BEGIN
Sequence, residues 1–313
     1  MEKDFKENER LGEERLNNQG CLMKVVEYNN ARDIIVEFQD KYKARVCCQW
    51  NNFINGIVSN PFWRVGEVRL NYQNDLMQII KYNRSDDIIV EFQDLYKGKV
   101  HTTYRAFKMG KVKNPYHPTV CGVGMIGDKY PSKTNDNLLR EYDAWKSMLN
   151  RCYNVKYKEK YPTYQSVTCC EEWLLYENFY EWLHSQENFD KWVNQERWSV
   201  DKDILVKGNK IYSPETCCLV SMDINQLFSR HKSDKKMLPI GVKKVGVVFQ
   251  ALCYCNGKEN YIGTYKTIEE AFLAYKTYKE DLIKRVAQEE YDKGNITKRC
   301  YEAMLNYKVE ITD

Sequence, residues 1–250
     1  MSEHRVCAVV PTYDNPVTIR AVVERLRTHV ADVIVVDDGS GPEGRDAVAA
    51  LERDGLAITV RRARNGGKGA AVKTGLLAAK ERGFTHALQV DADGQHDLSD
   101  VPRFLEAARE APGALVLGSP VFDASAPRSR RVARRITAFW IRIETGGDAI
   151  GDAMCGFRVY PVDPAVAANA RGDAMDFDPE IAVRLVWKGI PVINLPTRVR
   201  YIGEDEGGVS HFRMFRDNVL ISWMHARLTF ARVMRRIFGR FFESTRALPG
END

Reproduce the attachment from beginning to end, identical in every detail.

Sequence, residues 1–313
     1  MEKDFKENER LGEERLNNQG CLMKVVEYNN ARDIIVEFQD KYKARVCCQW
    51  NNFINGIVSN PFWRVGEVRL NYQNDLMQII KYNRSDDIIV EFQDLYKGKV
   101  HTTYRAFKMG KVKNPYHPTV CGVGMIGDKY PSKTNDNLLR EYDAWKSMLN
   151  RCYNVKYKEK YPTYQSVTCC EEWLLYENFY EWLHSQENFD KWVNQERWSV
   201  DKDILVKGNK IYSPETCCLV SMDINQLFSR HKSDKKMLPI GVKKVGVVFQ
   251  ALCYCNGKEN YIGTYKTIEE AFLAYKTYKE DLIKRVAQEE YDKGNITKRC
   301  YEAMLNYKVE ITD

Sequence, residues 1–250
     1  MSEHRVCAVV PTYDNPVTIR AVVERLRTHV ADVIVVDDGS GPEGRDAVAA
    51  LERDGLAITV RRARNGGKGA AVKTGLLAAK ERGFTHALQV DADGQHDLSD
   101  VPRFLEAARE APGALVLGSP VFDASAPRSR RVARRITAFW IRIETGGDAI
   151  GDAMCGFRVY PVDPAVAANA RGDAMDFDPE IAVRLVWKGI PVINLPTRVR
   201  YIGEDEGGVS HFRMFRDNVL ISWMHARLTF ARVMRRIFGR FFESTRALPG